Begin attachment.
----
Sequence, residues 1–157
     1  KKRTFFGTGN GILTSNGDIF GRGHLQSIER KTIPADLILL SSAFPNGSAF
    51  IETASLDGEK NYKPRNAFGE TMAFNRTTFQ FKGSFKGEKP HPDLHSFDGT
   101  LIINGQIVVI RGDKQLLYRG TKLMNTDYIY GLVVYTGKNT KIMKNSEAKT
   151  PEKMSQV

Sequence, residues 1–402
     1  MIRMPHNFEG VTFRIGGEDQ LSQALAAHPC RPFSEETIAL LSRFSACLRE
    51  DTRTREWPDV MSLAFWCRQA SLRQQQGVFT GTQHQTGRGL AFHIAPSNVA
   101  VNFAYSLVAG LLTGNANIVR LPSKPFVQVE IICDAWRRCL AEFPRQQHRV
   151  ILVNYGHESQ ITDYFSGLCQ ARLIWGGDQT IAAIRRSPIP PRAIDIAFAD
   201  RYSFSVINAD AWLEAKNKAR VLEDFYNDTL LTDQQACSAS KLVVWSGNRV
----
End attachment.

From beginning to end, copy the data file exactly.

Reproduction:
Sequence, residues 1–157
     1  KKRTFFGTGN GILTSNGDIF GRGHLQSIER KTIPADLILL SSAFPNGSAF
    51  IETASLDGEK NYKPRNAFGE TMAFNRTTFQ FKGSFKGEKP HPDLHSFDGT
   101  LIINGQIVVI RGDKQLLYRG TKLMNTDYIY GLVVYTGKNT KIMKNSEAKT
   151  PEKMSQV

Sequence, residues 1–402
     1  MIRMPHNFEG VTFRIGGEDQ LSQALAAHPC RPFSEETIAL LSRFSACLRE
    51  DTRTREWPDV MSLAFWCRQA SLRQQQGVFT GTQHQTGRGL AFHIAPSNVA
   101  VNFAYSLVAG LLTGNANIVR LPSKPFVQVE IICDAWRRCL AEFPRQQHRV
   151  ILVNYGHESQ ITDYFSGLCQ ARLIWGGDQT IAAIRRSPIP PRAIDIAFAD
   201  RYSFSVINAD AWLEAKNKAR VLEDFYNDTL LTDQQACSAS KLVVWSGNRV